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Texas higher ed leaders optimistic about funding

Students on the Texas State University campus in San Marcos in 2018. Funding and how race is taught in public institutions are likely to dominate the debate around higher education in Texas during this year’s legislative session.
Laura Skelding
The Texas Tribune
Students on the Texas State University campus in San Marcos in 2018. Funding and how race is taught in public institutions are likely to dominate the debate around higher education in Texas during this year’s legislative session.

Community colleges want a funding overhaul this legislative session, and four-year universities are hoping for a boost in research funds. Meanwhile, faculty are bracing for a potential threat to tenure and limits to conversations about race.

When the Texas Legislature convened in January 2021 amid a global pandemic, higher education officials came to Austin and braced for budget cuts as the state grappled with how to make sure it could withstand an economic downturn brought by COVID-19.

Two years later, the tone kicking off the 2023 session is very different.

That’s mostly because Texas is projected to have $188.2 billion available in general revenue to fund the business of the state over next two years — an unprecedented 26% increase from the last budget cycle.

Despite the competing demands from entities across the state to access some of the surplus dollars, higher education leaders and advocates are optimistic that the state will use some of that money to invest in its public universities and community colleges.

“It feels like we have some good momentum going into this legislative session,” Texas Higher Education Commissioner Harrison Keller told The Texas Tribune.

Six of the four-year university systems have already pitched to lawmakers a proposition to freeze undergraduate tuition for two years in exchange for nearly $1 billion in additional funding to help stave off the cost of running their campuses amid rising inflation.

Meanwhile, two-year community college advocates are rooting for legislation that would completely overhaul how they fund their operations. Last fall, a state-appointed committee released a set of recommendations to revamp the state’s community college funding model. The proposed changes have garnered national attention within the higher education space.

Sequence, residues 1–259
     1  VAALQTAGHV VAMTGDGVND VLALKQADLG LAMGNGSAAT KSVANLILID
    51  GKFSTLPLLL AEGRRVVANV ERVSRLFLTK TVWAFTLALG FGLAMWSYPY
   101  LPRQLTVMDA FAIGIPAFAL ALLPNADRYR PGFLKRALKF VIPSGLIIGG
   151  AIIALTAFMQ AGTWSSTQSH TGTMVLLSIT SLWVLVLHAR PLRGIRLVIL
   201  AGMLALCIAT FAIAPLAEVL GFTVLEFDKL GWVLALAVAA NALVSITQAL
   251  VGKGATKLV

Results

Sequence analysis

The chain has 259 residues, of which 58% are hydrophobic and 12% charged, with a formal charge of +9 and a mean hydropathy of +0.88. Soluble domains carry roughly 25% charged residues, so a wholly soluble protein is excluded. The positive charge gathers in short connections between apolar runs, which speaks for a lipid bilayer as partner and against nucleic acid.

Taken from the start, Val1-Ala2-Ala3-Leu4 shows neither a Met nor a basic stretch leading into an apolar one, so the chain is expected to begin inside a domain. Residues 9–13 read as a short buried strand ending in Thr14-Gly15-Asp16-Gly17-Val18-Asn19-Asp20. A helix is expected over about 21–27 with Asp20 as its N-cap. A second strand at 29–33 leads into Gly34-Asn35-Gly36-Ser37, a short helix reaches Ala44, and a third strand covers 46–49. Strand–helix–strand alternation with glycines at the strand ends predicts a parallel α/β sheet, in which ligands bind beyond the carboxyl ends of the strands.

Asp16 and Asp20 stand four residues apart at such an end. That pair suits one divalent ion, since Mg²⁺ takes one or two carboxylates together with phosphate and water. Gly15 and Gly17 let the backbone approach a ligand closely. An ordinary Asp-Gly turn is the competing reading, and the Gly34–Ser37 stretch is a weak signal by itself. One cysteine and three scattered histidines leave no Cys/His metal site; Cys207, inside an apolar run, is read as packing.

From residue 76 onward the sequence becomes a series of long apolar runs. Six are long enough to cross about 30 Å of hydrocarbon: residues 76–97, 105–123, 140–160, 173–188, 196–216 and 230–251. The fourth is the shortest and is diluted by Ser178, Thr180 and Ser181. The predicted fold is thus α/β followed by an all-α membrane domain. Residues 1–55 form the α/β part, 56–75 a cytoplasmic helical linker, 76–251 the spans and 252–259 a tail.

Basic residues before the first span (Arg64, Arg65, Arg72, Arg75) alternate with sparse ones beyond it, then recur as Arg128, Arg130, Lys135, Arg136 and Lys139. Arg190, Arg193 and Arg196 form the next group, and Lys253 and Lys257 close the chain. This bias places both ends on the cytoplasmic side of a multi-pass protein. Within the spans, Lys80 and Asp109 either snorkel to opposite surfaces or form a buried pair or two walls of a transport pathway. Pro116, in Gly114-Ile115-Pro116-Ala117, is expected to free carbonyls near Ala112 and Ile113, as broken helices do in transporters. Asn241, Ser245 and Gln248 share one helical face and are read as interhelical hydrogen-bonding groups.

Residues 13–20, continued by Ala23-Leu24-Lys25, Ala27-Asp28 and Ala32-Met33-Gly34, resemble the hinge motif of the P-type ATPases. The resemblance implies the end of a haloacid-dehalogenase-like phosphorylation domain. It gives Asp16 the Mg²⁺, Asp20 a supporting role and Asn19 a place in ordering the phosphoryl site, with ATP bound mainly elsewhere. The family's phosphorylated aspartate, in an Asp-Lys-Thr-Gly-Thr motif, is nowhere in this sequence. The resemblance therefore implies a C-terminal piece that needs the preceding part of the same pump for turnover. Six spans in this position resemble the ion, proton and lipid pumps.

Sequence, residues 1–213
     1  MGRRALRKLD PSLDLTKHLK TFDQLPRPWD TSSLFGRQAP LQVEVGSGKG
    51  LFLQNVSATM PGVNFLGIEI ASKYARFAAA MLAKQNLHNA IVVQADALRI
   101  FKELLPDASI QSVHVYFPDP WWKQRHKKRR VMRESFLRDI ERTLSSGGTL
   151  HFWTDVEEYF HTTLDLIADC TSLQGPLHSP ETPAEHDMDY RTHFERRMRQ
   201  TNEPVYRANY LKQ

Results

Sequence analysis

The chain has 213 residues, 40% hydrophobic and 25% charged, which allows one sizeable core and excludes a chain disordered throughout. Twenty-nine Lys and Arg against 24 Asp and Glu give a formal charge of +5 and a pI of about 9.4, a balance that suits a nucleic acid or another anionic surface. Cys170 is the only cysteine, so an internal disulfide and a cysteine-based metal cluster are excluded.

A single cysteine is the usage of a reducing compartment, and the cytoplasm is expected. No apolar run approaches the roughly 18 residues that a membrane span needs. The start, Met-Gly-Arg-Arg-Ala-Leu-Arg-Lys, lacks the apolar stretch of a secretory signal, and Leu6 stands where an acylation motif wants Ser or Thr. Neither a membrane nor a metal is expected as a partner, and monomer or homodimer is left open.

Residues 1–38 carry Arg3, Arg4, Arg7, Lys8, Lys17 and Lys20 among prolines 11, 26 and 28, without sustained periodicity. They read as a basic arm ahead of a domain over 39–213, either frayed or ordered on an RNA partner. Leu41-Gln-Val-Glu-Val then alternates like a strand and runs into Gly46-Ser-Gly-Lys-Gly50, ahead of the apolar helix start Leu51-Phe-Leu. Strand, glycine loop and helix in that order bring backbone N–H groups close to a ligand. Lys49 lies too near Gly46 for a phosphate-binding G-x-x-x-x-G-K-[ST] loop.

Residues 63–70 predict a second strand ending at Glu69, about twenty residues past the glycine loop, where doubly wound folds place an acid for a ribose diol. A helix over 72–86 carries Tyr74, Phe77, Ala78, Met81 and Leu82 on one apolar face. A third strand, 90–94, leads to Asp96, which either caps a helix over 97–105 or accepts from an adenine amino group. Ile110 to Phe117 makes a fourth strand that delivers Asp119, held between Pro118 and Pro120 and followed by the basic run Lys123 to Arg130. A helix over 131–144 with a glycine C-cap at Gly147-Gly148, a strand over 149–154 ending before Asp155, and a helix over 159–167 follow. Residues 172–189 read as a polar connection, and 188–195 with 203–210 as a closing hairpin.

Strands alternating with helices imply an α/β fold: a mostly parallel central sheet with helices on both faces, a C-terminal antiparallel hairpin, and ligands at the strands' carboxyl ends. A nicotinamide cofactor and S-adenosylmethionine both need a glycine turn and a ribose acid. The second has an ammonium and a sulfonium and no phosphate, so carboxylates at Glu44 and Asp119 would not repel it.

“A lot of eyes are on Texas to see if Texas can set the tone, set the pace for the rest of the nation on how funding can happen,” said Kenyatta Lovett, managing director of higher education for the nonprofit Educate Texas.

Here are a few of the big topics in higher education to watch out for this session.

A makeover for community college financing

Texas funds its community colleges through a mix of state funding, local property taxes and student tuition. But the state’s contribution has not kept pace, accounting for less than 25% of overall funding. Lawmakers determine how much money will go into that pot before funding is distributed to schools based on factors like enrollment and courses taught — essentially pitting them against one another to get funding.

The schools’ budgets also depend on regional economics, enrollment trends and the property values in their districts. Growth is the driving force behind each of those factors, and uneven demographic trends across the state mean funding for each community college can be very different from one region to another.

Tasked with examining these issues, the Texas Commission on Community College Finance recommended last fall that the state create a system that determines community college funding based on how many students earn a degree or credential and how many students transfer to a four-year university to continue their studies. Under such a system, colleges would be competing against themselves to determine how much funding they receive from the state every two years. The committee also called for more need-based financial aid for students and suggested that colleges receive more money if they are educating more students who are considered at risk of not completing their degree.